Friday, December 16, 2011

The Road to a Loving Heart

To use a cultural reference that’s sure to date me, the other night I thought of a line from Joni Mitchell’s song “Big Yellow Taxi” in which the lyrics talk about how so often we never understand what we have until we lose it(I’m paraphrasing so to avoid copyright infringement).

Sitting at my desk absorbed in a writing project, I heard a sound I’d never heard before emanating from another part of the house. Now having raised two children, there are two things related to noise that ought to stop any mother in her tracks. The first is silence. The second is an auditory trailblazer. 

I left my desk and went into the den. There was a reason I’d never heard anything like it before. I can’t tell you the last time I heard a seventy-pound dog stripping a cloth binding from an early twentieth century book. 

Yes, Lucy had selected a volume from my antique reader collection for her chewing enjoyment. 

I would have cried, but I’ve found it doesn’t do much good.

I sat down with the book to figure out if anything about it was salvageable. Trying to understand exactly what I’d lost now that it was gone, I flipped through the pages, scanned the stories, and the vintage lithographs. 

I almost decided to recycle it, when my eyes fell on  the words “The Road to the Loving Heart,” a story by Catherine Bryce about Robert Louis Stevenson. In it, she writes about how Stevenson moved to Samoa in the South Pacific for his health. He lived at the top of a hill for the clean air, but had an arduous journey to get there over a rough path. The often-needy Samoans were repeatedly the beneficiaries of his love and attention even though the journey to reach them took a toll on his health. After some time, the Samoans wanted to return Stevenson’s kindness and built a road to his house. Overjoyed by their present, Stevenson intended erect a road sign with words of gratitude to the Samoans.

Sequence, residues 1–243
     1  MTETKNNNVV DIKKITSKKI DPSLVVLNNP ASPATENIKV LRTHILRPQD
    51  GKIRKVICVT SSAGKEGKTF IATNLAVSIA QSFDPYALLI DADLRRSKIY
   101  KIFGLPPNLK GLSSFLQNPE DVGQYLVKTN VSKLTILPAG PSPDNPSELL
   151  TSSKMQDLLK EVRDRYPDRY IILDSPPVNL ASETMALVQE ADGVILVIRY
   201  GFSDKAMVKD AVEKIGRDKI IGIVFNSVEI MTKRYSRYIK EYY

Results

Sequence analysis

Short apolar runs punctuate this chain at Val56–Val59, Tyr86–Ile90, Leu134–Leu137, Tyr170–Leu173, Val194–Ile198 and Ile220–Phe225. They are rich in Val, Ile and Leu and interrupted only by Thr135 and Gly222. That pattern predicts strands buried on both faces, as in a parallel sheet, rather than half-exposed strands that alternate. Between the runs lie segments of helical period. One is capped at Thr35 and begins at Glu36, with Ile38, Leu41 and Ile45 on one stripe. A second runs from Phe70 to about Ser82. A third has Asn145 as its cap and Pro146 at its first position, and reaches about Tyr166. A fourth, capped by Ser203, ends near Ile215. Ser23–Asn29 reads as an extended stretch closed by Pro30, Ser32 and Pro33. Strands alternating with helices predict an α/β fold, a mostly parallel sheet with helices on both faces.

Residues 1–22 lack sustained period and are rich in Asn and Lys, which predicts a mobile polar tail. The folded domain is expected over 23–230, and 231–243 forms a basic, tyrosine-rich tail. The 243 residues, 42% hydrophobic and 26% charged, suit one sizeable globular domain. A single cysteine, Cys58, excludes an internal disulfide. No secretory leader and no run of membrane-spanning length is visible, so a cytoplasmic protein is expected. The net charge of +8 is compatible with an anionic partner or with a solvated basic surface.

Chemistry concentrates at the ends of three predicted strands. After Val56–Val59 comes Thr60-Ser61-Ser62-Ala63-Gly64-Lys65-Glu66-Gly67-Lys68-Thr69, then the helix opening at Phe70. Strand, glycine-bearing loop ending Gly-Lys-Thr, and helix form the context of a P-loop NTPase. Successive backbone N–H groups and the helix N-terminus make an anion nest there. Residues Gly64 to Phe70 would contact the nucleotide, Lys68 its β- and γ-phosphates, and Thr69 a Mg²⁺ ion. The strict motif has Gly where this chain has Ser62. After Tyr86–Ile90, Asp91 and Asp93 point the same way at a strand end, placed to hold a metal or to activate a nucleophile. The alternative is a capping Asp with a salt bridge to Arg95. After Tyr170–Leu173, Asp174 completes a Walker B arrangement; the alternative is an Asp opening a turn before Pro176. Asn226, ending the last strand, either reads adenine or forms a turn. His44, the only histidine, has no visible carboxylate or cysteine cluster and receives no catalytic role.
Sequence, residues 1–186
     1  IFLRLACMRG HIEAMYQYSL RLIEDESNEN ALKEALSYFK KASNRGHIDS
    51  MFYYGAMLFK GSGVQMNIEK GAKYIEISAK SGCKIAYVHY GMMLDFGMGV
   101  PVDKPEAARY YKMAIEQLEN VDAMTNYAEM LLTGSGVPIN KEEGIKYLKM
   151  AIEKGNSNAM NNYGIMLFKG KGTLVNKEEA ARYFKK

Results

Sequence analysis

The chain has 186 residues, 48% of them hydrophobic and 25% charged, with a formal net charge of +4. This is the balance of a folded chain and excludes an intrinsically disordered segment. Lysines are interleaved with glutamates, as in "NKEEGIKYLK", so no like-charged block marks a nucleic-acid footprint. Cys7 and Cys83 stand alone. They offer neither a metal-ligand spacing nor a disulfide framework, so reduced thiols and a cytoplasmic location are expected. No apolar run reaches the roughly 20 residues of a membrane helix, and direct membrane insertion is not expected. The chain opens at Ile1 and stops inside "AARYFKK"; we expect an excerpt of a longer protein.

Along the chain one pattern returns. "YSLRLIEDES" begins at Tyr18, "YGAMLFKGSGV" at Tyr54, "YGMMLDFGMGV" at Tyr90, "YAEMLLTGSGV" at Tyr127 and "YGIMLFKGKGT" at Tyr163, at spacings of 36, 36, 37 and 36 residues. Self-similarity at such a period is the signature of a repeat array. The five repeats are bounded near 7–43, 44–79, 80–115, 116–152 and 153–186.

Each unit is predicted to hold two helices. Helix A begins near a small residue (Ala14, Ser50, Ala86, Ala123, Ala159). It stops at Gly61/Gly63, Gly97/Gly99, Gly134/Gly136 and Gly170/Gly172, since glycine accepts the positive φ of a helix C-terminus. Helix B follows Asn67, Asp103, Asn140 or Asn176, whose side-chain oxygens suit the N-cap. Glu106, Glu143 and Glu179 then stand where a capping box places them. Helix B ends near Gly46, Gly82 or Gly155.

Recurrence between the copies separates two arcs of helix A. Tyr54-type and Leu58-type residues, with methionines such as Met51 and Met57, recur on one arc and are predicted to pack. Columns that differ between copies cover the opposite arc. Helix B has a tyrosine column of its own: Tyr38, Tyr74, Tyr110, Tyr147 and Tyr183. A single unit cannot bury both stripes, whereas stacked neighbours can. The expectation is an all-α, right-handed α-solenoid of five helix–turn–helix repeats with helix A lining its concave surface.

But before he could, the Samoans put up their own sign in their language. Translated, it read:

 “The Road of the Loving Heart. Remembering the great care of his Highness Tusitala, and his loving care when we were in prison and sore distressed, we have prepared him an enduring present—this road which we have dug to last forever. It shall never be muddy, it shall endure, this road that we have dug.”

Bryce concludes by saying, “…that a kind deed is never lost; it will be found years afterward in some loving heart.”

Sometimes we grow weary, especially this time of year. Christmas brings additional demands. We feel stretched. We wonder if what we do makes a difference. Might it encourage us to know that our acts of kindness will not be erased, but carried always in other’s hearts?

“…blessed is he who is kind to the needy “(Proverbs 14:21).

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